EU Changing Law on Cookie Usage

2012 is becoming the year of the permission based cookie.
The EU has been talking about it for years but plans to enforce it in 2012. The UK has set 26 May 2012 as its start date for compliance.  So if you are not already doing it then you need to start.
If your site places cookies on a computer then you have to ask permission first. Simple as that.  No more placing the cookie on the user’s computer unbeknownst to them and explaining in a privacy policy what it is all about. You have to ask first.
The regulations will apply to all types of cookies:  session and persistent, first and third party.  While no cookie is considered exempt however an exception is likely to apply to cookies  used solely to manage a customer’s shopping cart.  Cookies used to track customer’s footprints and remember a customer from visit to visit or identify them on other sites are not likely exceptions.
So what does this mean for eCommerce?  You need to obtain explicit permission for user tracking of their footprints and their purchases. So all that third party tracking you have installed for Google Analytics and other tracking services has to be done on a permission basis.
Permission requires that you:

  • tell people that the site is using cookies before you store any cookies i.e. when they land on your site
  • explain what each and every cookie is doing
  • obtain their (prior) consent to store these  cookies on their device.

How to gain consent?
It is unlikely at this time that consent can be implied in any way such as a browser setting. In the future this might change but for now it is not a reliable and therefore not an acceptable method of consent.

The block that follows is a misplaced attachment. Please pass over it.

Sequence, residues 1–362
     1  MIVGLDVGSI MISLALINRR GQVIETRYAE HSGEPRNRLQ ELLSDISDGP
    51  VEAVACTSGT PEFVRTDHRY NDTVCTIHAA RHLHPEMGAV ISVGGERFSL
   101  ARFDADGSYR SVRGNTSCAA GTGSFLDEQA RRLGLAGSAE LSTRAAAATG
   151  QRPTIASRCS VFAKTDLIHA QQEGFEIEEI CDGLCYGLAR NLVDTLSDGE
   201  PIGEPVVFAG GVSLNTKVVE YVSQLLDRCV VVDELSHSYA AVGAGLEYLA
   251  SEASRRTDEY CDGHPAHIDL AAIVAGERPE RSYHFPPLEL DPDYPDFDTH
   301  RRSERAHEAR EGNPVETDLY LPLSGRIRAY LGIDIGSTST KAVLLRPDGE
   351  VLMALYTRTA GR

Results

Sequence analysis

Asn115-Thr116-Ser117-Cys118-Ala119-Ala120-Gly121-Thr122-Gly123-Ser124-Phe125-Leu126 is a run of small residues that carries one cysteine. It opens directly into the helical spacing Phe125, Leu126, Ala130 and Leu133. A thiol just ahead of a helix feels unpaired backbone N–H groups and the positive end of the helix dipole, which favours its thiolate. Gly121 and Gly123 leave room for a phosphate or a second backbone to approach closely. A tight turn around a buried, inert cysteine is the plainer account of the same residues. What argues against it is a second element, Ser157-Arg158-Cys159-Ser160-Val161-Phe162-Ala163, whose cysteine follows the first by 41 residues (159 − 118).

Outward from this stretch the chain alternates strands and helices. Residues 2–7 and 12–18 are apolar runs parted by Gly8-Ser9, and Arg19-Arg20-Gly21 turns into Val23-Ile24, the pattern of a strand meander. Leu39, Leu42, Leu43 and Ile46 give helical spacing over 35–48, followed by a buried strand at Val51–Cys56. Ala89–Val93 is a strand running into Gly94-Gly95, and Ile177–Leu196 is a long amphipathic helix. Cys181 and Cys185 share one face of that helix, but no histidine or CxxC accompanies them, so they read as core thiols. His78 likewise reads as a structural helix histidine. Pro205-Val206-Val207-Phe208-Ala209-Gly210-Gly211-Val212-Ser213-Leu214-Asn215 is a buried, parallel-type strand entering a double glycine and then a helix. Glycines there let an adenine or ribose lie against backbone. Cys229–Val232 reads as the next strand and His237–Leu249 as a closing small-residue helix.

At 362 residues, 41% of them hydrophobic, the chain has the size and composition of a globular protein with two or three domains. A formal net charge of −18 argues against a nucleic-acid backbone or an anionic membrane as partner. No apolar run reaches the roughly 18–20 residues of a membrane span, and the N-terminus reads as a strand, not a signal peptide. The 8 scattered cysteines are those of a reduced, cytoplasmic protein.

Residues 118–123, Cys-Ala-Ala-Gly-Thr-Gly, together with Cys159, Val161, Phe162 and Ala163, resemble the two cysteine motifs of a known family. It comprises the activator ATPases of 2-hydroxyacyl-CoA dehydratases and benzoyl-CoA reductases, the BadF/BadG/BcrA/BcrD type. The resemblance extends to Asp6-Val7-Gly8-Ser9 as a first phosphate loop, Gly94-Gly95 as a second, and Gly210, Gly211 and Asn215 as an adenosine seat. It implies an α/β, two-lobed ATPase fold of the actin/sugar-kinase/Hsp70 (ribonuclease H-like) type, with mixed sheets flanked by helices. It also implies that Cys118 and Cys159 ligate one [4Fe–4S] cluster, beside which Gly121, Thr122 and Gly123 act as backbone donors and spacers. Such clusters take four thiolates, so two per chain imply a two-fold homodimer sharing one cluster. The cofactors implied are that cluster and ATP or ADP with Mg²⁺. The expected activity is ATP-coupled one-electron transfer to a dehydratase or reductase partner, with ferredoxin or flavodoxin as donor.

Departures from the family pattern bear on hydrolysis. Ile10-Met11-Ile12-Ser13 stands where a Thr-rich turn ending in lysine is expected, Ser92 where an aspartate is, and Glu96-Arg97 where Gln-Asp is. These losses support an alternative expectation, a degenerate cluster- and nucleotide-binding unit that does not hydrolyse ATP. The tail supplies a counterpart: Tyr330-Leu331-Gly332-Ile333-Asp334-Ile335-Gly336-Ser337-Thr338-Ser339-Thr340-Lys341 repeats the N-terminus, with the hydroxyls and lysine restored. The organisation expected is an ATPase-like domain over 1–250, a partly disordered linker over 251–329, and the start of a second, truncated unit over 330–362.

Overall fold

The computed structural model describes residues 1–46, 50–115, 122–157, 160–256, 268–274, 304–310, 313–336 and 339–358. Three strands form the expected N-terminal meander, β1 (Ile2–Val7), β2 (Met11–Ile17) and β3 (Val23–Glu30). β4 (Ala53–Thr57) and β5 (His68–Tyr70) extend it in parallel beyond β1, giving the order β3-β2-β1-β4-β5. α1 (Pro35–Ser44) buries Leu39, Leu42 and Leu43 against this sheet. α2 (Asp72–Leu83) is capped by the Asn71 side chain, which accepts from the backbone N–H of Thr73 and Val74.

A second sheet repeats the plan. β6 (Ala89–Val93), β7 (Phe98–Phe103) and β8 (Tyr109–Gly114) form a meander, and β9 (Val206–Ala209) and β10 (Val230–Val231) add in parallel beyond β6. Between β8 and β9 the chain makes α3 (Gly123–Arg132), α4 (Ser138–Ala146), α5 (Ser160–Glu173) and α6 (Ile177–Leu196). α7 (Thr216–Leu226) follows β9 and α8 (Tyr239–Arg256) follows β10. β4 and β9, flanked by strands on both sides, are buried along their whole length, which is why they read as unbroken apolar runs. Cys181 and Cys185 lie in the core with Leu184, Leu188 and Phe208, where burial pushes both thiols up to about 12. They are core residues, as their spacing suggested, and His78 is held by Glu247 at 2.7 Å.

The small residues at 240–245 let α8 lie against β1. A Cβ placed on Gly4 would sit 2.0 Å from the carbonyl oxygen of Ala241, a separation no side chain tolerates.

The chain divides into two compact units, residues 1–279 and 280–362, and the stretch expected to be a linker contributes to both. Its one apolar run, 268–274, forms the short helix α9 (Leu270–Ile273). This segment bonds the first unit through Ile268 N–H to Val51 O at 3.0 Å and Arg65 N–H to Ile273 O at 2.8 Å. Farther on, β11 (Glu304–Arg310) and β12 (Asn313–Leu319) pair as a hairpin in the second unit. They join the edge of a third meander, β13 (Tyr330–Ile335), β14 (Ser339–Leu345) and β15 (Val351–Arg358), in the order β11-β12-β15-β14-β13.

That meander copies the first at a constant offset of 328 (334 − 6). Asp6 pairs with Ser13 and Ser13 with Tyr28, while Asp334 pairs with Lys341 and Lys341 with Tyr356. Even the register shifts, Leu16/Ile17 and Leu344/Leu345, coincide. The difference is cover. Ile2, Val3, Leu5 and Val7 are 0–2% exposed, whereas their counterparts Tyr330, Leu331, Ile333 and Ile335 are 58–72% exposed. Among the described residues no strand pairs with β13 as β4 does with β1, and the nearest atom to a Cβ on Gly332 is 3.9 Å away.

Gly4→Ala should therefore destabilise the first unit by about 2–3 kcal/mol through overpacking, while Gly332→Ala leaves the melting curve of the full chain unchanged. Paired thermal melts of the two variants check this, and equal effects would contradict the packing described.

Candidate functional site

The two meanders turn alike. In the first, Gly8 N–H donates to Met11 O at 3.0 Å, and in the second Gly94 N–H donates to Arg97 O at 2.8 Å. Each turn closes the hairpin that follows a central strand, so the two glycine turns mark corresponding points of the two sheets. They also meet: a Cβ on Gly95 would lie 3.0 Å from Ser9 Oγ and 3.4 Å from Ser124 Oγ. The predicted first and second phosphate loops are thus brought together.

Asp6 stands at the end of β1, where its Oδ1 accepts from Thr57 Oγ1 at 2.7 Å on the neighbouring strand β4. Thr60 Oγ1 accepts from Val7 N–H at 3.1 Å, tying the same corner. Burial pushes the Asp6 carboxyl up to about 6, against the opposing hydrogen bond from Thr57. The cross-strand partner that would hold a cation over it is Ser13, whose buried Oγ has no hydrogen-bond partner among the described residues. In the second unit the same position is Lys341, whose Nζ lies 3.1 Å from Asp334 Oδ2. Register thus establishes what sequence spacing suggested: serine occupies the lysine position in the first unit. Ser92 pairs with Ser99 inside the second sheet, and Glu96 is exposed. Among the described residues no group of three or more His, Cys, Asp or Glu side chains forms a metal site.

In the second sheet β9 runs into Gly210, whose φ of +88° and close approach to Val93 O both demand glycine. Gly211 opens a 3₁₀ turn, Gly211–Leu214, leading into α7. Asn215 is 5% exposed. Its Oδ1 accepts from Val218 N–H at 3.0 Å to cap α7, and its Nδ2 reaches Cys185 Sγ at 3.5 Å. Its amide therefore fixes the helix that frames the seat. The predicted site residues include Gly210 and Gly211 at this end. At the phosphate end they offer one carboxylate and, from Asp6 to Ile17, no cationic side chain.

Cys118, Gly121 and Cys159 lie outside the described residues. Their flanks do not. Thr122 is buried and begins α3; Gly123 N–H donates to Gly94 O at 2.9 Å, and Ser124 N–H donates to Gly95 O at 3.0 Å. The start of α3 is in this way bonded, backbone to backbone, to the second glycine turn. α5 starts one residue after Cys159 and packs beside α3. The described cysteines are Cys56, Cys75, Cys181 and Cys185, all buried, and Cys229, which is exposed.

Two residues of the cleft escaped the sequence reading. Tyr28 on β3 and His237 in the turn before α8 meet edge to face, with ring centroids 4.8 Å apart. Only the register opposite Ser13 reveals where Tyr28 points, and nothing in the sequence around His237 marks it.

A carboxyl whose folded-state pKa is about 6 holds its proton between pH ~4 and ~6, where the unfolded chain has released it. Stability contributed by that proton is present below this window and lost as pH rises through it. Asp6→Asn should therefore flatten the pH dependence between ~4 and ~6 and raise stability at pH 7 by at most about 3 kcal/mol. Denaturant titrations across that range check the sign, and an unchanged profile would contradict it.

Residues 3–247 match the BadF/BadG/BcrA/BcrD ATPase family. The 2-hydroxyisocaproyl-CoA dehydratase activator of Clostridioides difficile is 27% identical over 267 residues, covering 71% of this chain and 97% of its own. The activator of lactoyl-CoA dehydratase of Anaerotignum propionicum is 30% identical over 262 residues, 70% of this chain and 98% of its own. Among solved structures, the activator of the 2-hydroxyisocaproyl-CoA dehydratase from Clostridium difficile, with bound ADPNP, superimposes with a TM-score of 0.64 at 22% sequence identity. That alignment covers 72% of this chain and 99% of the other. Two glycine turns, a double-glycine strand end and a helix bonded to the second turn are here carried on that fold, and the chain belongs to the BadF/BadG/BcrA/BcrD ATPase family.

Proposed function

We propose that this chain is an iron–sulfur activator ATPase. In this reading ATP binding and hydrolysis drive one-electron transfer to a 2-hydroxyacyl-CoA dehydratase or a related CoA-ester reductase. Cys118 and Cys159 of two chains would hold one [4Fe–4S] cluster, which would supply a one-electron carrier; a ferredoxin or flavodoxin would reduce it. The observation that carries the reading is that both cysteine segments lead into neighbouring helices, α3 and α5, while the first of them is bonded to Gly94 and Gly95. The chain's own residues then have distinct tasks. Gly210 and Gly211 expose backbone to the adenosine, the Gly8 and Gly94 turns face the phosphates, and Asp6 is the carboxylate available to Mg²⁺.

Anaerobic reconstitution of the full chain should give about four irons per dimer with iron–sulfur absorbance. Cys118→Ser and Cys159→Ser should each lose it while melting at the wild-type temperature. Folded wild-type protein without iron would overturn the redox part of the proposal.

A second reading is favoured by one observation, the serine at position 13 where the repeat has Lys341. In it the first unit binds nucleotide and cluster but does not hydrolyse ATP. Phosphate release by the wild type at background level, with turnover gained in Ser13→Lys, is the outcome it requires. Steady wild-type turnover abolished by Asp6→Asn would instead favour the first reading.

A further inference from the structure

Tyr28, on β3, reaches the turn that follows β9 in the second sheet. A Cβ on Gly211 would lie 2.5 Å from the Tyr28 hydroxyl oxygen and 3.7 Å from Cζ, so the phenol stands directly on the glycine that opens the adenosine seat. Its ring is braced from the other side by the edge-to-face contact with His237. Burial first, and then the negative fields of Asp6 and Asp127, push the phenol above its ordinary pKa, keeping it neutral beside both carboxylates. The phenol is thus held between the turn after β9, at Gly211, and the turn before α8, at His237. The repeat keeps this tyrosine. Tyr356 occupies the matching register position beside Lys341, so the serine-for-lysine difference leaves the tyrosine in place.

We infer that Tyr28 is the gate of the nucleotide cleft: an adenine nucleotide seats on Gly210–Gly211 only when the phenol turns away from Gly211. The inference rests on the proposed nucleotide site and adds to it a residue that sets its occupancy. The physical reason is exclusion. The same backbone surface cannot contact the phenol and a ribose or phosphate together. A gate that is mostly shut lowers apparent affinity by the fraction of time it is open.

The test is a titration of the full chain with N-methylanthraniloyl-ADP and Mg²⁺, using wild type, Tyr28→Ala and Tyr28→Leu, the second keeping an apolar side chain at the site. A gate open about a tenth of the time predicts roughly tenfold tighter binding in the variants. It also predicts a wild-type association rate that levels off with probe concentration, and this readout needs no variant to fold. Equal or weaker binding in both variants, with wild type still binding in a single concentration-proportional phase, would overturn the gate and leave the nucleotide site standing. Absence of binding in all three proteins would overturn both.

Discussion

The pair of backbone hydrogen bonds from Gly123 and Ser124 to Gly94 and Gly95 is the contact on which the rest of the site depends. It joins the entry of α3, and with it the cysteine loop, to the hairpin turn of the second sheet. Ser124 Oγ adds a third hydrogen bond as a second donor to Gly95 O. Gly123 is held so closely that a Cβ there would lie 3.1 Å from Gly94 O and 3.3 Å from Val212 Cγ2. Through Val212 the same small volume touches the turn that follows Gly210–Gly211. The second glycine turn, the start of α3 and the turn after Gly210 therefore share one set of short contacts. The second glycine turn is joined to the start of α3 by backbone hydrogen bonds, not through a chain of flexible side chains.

So consent is a direct question and answer. You can see how that might work on the UK Information Commission website.    One point to note is that if the user does not respond you cannot imply consent.
Does it apply to you? 
An organisation based in the UK is subject to the requirements of the Regulations even if their website is technically hosted overseas. Organisations based outside of Europe with websites designed for the European market, or providing products or services to customers in Europe, should consider that their users in the UK and Europe will clearly expect information and choices about cookies to be provided.
Failure to comply can incur fines.
Does it apply to us?
Yes.  If we design websites for EU/UK usage then we also need to ensure that the website complies with the regulations.  You cannot tell us to not design for it.
What you should do

  1. make sure you have a privacy policy
  2. make sure your privacy identifies each and every cookie and what it is for
  3. make sure your privacy policy explains how to opt out now or in the future
  4. make sure your privacy policy is easy to find
  5. implement a permission process making sure you ask permission before storing cookies and you record their consent e.g. store a cookie saying they consented
  6. make sure you provide a  way to remove your (and only your) cookies if they decide to later opt out